I recently read the book called Uncertainty: Einstein, Heisenberg, Bohr, and the Struggle for the Soul of Science, written by David Lindley. It made me think a bit about the “soul of testing.”
I posted before about how I believe testers should be cross-discipline associative, so here’s an attempt at me practicing that a bit.
As the book Uncertainty makes clear, the kind of physics that Bohr and Heisenberg were promoting, with the idea of uncertainty at the center, was, with only a little melodrama, a battle for the soul of science. That notion of “soul” was predicated upon the human inability to comprehend the physical world. This is as opposed to aspects of the world simply being inaccessible.
A few years ago I talked about the “science and art” of testing. An important point for me is that science is the attempt to extract order from confusion while art is the attempt to make that order palatable for people of various skill levels and interest.
To be sure, in my mind, testing does exactly the same thing. While requirements specify how something should be and code specifies how something is, tests can do both — and serve as an executable means of specification as well. As such, testing works to extract order as well as to infuse order. This allows various stakeholders to participate in collaboration and communication. Just as science and art provide a shared means of looking at the world, but through different lenses, tests are a multi-faceted work product that does something quite similar.
Taking a few points from Lindley’s book, a few points drew associations for me. For example, consider this:
“Theoretical predictions are only as good as the assumptions behind them. In the endless back-and-forth between experiment and theory, it’s uncertainty that tells the scientist how to proceed. Experiments probe ever finer details. Theories undergo adjustment and revision. When scientists have resolved one level of disagreement, they move down to the next. Uncertainty, discrepancy, and inconsistency are the stock-in-trade of any lively scientific discipline.”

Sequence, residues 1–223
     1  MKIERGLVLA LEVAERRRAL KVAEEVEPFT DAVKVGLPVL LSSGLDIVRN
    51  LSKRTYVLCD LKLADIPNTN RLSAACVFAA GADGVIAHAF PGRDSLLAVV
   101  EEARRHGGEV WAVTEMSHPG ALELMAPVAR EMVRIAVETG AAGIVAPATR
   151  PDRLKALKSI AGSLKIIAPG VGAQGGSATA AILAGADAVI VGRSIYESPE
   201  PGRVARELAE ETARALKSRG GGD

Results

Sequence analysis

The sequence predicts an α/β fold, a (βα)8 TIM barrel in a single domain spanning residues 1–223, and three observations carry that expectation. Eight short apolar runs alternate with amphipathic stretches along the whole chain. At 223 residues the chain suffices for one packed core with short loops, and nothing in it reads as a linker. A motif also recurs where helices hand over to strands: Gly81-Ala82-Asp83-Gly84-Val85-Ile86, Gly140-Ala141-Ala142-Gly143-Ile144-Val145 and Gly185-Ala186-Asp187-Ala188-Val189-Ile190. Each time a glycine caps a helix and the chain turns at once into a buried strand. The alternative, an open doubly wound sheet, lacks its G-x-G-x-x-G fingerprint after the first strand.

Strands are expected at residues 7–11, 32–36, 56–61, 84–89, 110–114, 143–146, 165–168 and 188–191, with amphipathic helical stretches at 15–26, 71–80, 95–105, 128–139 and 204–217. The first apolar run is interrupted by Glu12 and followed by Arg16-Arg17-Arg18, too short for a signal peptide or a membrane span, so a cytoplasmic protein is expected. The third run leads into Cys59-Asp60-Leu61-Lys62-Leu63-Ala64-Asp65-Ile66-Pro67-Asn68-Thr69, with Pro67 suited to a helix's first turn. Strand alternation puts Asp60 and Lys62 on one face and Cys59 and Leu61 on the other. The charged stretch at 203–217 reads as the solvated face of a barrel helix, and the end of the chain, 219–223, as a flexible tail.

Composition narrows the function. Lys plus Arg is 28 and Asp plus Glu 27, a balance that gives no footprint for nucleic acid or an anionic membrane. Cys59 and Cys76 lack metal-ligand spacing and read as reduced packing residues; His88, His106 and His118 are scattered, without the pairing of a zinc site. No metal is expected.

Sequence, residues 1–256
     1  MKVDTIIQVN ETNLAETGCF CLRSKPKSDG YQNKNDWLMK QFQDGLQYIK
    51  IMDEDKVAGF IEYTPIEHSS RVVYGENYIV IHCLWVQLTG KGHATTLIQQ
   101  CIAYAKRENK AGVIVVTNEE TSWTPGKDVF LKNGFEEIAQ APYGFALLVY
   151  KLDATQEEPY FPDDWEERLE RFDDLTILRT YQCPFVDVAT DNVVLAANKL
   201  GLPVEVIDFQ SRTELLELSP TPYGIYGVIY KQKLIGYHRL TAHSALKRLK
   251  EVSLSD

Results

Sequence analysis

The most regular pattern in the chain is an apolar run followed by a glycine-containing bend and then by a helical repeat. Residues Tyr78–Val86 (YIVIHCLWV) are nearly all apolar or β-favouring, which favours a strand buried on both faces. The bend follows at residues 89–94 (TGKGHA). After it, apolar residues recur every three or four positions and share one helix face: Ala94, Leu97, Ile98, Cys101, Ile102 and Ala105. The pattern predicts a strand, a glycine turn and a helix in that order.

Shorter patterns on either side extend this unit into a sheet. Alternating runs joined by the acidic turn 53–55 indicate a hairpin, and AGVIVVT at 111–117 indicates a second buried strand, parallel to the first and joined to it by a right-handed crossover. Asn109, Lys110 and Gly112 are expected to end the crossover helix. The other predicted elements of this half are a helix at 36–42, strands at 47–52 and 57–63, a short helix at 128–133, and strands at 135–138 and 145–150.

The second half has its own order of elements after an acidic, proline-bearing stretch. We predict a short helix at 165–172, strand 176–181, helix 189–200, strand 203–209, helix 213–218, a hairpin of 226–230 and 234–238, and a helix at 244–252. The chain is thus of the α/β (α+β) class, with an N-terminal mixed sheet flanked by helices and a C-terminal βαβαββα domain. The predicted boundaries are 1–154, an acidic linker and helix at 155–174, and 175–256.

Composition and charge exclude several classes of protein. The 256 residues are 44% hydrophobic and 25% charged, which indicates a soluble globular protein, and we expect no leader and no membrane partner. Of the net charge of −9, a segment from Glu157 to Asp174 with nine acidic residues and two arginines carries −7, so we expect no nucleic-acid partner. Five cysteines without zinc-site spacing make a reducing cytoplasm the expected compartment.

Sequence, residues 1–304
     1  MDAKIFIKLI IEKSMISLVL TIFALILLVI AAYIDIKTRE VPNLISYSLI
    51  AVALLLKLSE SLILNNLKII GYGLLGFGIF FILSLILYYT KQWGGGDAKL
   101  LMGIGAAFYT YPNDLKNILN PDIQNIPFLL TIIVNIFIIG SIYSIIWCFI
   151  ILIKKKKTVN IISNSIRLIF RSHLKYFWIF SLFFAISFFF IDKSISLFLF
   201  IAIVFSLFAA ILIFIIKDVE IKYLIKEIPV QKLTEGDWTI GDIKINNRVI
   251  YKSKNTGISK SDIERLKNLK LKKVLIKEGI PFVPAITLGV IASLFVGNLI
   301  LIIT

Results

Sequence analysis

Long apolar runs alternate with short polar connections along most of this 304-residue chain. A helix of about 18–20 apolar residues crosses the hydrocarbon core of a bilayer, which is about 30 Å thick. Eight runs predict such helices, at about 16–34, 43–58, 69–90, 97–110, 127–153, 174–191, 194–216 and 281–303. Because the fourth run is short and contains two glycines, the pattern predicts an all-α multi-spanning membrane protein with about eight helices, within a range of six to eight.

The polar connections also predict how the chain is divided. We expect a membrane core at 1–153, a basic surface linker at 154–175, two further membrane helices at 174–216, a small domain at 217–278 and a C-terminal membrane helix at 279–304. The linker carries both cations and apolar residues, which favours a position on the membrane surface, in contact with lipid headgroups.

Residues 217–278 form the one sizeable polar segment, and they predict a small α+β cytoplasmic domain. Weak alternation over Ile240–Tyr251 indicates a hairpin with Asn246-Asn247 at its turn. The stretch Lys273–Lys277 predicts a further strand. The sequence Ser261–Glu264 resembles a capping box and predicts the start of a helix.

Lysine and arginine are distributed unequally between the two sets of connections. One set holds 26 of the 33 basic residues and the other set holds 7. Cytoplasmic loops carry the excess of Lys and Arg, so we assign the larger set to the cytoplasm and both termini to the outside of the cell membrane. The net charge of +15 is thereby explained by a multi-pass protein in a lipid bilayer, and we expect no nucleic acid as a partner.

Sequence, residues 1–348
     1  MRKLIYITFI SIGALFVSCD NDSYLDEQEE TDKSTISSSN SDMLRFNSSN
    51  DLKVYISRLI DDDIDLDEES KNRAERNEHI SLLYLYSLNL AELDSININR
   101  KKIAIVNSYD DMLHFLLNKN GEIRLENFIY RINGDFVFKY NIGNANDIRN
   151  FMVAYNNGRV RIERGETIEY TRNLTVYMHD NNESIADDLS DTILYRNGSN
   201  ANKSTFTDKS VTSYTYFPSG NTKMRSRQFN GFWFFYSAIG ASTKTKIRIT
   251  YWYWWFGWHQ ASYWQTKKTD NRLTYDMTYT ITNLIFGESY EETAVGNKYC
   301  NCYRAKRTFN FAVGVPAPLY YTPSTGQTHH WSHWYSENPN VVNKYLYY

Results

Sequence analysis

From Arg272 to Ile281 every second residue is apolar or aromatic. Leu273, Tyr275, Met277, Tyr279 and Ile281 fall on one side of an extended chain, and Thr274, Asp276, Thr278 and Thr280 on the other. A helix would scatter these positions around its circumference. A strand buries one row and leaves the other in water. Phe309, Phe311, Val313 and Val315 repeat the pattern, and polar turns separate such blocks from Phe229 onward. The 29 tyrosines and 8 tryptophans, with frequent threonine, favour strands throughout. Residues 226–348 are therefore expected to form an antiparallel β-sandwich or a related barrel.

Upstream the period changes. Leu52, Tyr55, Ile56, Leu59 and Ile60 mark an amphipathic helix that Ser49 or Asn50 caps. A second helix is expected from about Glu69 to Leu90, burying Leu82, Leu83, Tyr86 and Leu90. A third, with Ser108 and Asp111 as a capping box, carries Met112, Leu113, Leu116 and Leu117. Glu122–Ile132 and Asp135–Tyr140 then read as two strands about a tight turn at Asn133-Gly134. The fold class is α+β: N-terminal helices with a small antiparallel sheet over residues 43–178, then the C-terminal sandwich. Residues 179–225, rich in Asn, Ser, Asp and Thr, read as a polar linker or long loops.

In a similar fashion, test execution is also as good as the test design that informs it. Testing is filled with theory about how to do testing more effectively and more efficiently. But there’s also the case that testing is subject to uncertainty: when a tester meets the thing they are to test, reality happens. Those interactions with the thing being tested — those experiments — force ideas about testing to undergo adjustment and revision. It’s when oddities are found that the job gets interesting and forces a more detailed look, which may refine our view of how to test.
Or how about this:
“Starting with Copernicus and Galileo, with Kepler and Newton, modern science evolved through the application of logical reasoning to verifiable facts and data. Theories, couched in the rigorous language of mathematics, were meant to be analytical and precise. They offered a system, a structure, a thorough accounting that would replace mystery and happenstance with reason and cause.”
This is largely what business analysts, developers, and testers do as they work together on projects. They evolve an understanding of the business domain and back up that understanding by proposed facts (test cases) and data (the data conditions applied to test cases). Both the communication and the act of testing provide a structure.
“The phenomena of nature might be inordinately complicated, but at bottom science must reveal order and predictability.”
Likewise, testing does the same. I’ve been told many times that a system that I’m testing is not exact. That we “can’t know” what to put for observable results. What this means then is that the system is non-deterministic. It means that we can’t expect an underlying order that should take us from defined input, through desired action, to expected output. Thus we do not have predictability. I’ve been told that on many projects. And I have never found this to be true. But it was up to my test design and test execution to ultimately prove that.
“If scientists of one generation, building on the work of the last, could see that they had yet to achieve their ideal, they could equally believe that those who came after them would finish the job. The power of reason implied the ineluctability of progress. Science would become more grandiose, more encompassing in scope, yet at the same time more detailed, more scrupulous. Nature was knowable — and if it was knowable then one day, necessarily, it would be known.”